Professional networking site LinkedIn's survey released today said that 94 per cent of Indian women felt that they have led a successful career.
"A majority of women (63 per cent) worldwide define professional success as having the right balance between work and personal life and nearly three quarters of women (74 per cent) believe they can have it all," the study titled 'What Women Want @ Work' said.
Going by the findings, Indian women with more than six years of experience feel more satisfied with their professional lives as compared to those with lesser experience.
"This is tempered by the finding that one in three Indian women say that they have faced sexism at the workplace which is by far the highest across all countries surveyed," it added.
As many as 85 per cent of Indian working women would like greater flexibility within the workplace. Flexible work environment and leadership opportunities trumpeted as two of the most important factors in determining the success of the next generation of Indian professional women, the report said.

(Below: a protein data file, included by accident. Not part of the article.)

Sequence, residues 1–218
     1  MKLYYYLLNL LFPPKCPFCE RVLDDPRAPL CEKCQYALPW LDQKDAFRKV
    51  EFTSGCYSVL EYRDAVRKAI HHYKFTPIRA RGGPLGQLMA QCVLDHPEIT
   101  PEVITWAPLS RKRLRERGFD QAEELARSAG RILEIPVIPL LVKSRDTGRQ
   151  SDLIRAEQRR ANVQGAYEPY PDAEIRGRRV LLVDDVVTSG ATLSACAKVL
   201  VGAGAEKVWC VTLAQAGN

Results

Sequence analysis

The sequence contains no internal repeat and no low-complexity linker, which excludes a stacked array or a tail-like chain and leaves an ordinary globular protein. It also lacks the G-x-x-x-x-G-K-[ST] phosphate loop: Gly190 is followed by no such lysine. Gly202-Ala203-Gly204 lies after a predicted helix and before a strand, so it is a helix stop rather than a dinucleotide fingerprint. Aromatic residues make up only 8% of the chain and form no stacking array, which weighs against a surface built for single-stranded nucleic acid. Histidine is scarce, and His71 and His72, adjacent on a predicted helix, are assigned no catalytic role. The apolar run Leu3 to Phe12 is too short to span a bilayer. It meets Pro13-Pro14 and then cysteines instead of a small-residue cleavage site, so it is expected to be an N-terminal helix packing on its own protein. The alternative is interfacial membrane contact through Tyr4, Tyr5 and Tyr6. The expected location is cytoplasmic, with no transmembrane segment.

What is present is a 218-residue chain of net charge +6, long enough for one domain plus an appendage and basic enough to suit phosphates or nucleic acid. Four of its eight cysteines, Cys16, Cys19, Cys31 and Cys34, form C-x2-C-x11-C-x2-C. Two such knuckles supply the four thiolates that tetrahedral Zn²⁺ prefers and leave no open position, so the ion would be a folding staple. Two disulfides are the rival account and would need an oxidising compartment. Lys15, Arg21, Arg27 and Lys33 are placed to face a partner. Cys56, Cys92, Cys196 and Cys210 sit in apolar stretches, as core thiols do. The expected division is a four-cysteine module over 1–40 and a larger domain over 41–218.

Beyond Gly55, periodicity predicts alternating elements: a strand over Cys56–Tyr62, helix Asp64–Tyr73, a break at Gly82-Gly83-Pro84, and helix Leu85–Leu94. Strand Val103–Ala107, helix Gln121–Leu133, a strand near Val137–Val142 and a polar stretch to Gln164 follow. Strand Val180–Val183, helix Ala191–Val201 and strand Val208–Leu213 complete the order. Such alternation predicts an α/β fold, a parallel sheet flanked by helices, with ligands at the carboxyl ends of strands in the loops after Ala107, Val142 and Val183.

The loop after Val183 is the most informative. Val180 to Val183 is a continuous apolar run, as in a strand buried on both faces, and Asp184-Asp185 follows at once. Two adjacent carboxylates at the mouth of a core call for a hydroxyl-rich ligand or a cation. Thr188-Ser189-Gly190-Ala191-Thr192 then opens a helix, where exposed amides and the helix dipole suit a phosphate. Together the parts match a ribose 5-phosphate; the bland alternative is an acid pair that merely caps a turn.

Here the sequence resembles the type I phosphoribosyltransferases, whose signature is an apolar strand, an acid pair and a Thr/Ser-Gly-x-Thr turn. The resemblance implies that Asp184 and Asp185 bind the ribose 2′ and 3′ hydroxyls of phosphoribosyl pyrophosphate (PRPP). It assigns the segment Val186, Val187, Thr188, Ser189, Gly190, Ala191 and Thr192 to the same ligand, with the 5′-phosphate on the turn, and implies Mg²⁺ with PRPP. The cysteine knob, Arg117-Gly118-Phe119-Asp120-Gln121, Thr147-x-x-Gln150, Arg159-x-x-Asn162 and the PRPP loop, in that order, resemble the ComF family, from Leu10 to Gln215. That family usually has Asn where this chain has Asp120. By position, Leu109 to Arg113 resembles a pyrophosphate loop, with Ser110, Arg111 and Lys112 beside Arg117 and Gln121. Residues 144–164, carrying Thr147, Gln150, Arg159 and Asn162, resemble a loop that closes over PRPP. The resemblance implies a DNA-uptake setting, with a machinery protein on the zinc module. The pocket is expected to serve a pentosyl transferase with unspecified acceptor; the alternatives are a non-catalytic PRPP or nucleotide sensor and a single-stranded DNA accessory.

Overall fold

However, around 43 per cent of the respondents said that they would never leave their jobs to become stay-at-home moms.
The findings are based on a survey of more than 5,000 working women across 13 countries including India. LinkedIn partnered with Cross-Tab to survey over 400 respondents between the ages of 18-65 were surveyed in each market.
According to LinkedIn, women still face significant career barriers in the workplace.
"For professional women in India, lack of investment in professional development (48 per cent) is the biggest challenge that affects their career, followed by the absence of a role model (43 per cent).
"Additionally, juggling between work and family life (36 per cent) and inequality in pay (25 per cent) were perceived to be major inhibitors of professional success," it said.
LinkedIn India, Korea and MENA region Head of Communications Deepa Sapatnekar said that despite concerns over the glass ceiling, a firm commitment to strike the right balance between personal and professional life and a growing trend of grassroots entrepreneurialism in India are all very positive signs.
"While female professionals here consider sexism to be a challenge more than other countries, it is heartening to see the confident strides Indian women are taking in their careers," she added.